fabulous map showing campaign contributions to legislators.
Last week Wednesday, I was on an evoting panel at Rice University headlined by Professor David Dill. Dill spoke articulately about the need for a voter-verifiable paper trail his presentation is here.
After the meeting, several people talked to me about taking party platform resolutions asking the party to support a paper trail. One participant lives in a Houston-area county that’s considering buying voting machines to replace a paper system. I recommended against it, since a paper system is safer until the electronic systems have a voter-verifiable paper trail.
The drive out to Houston was pretty — through rural areas and little Texas towns. The drive back between 10pm and 1am was very very very long.
The President of the United States is running for re-election on an anti-civil rights platform. Think about it.
We stopped to see the Sinagua cliffdwellings. A village of 200 people built houses that lasted 600 years after they left. Our “big box” Walmart and CompUSA stores are designed to last 8-15 years.
There was an exhibit of Sinagua artifacts. They made rather ugly pottery, and traded with the Hopi for nice pottery. They also made baskets. The Hopi pottery, and Sinagua baskets were very similar in style to pottery, and baskets, and other southwestern objects. There are shopping malls and office buildings and subdivisions designed in the shape of those cliff-dwellings.
One part cultural appropriation, one part cultural continuity. There’s something so compelling about the design patterns that humans replicate them for 1000 years.
Went to Arizona last weekend for a family wedding. On Sunday before the wedding, took a day trip that reminded me why I don’t travel with the nuclear family, though I love them dearly.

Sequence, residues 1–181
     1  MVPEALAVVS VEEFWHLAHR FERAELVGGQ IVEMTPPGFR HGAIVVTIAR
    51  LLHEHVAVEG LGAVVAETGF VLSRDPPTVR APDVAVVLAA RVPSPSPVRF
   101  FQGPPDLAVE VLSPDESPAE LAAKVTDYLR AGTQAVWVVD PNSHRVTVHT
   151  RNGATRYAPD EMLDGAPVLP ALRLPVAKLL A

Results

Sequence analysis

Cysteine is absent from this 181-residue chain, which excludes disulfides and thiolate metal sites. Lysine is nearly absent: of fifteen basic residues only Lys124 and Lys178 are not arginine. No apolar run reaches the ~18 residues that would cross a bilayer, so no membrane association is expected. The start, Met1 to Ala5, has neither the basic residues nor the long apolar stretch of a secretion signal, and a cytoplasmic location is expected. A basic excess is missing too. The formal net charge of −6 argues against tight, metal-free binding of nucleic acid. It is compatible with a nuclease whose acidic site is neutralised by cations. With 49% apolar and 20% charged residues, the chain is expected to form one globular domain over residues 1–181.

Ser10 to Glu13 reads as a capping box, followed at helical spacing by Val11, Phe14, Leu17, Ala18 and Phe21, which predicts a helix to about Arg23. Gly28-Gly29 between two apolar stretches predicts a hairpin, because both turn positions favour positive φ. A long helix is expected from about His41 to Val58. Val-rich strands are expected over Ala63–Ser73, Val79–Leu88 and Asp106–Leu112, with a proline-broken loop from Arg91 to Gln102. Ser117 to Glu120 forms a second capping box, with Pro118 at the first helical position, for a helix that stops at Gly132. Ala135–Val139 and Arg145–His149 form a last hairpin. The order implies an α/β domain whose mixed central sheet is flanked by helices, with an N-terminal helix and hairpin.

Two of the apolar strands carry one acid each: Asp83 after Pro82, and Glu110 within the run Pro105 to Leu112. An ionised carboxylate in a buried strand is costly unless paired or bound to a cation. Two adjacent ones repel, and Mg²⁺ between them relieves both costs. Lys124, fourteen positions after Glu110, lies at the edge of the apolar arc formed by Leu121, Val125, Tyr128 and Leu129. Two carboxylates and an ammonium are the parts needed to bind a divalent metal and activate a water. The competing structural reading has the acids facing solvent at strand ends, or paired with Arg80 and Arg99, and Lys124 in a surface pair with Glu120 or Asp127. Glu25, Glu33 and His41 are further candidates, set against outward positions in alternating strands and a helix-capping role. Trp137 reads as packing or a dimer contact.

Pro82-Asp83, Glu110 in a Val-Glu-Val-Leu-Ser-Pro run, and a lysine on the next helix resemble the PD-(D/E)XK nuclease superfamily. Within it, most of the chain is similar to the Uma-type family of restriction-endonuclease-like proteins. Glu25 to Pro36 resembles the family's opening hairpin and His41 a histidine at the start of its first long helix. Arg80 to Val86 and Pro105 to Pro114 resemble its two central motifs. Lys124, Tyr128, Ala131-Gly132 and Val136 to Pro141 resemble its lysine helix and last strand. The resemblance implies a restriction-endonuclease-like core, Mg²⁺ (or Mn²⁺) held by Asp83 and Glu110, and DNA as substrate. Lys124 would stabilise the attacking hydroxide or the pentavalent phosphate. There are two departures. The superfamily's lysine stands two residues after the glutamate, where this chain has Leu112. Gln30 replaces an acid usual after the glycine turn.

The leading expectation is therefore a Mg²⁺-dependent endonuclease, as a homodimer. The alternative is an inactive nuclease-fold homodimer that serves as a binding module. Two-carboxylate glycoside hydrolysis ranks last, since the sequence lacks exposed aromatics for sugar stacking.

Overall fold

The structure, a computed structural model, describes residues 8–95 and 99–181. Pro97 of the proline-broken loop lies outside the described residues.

The travel itinerary is:
* wake up at 6:30 am
* leave before 8
* drive two hours
* get out of the car
* scurry around an attraction for 15 minutes
* get back in the car
* get out of the car
* scurry around attraction for 15 minutes
* eat food from bag lunches in back seat
* repeat for another 2-3 attractions
* get back in the car
* drive two hours back to destination.
My parents are doing lots fabulous travel with their post-kids-at-home time, and it makes them sad that I don’t go with them.
But I really can’t stand it. Hated it as a kid, realized as an adult that you really can travel in a less frenetic fashion, and resolved not to do it again.
You might think that XFN would be even more even more decentralized and emergent than FOAF.
Both are decentralized ways for individuals to describe their social relationships, in contrast to the centralized social networking services from Friendster et al. XFN uses hyperlinks to describe the linker’s relationships with the linkee, while FOAF (friend of a friend) uses a file in XML/RDF format listing all the friend relationships.
The reason that hyperlinks are generally such a nice way of showing emergent patterns is that they reflect millions of tiny choices that individuals make about what’s relevant.
But the XFN site anticipates that the primary use of XFN will be in blogrolls. If that’s the case then the relationship is buried in markup, in a list that doesn’t change very often. This replicates one of the major problems with relationship profiles — they are static, while relationships change slightly with every interaction.
Am I really going to update my blogroll to add a “met” attribute for Kevin Marks after meeting him in person at Etech? That kind of micro-maintenance will happen even more rarely than people clean their closets.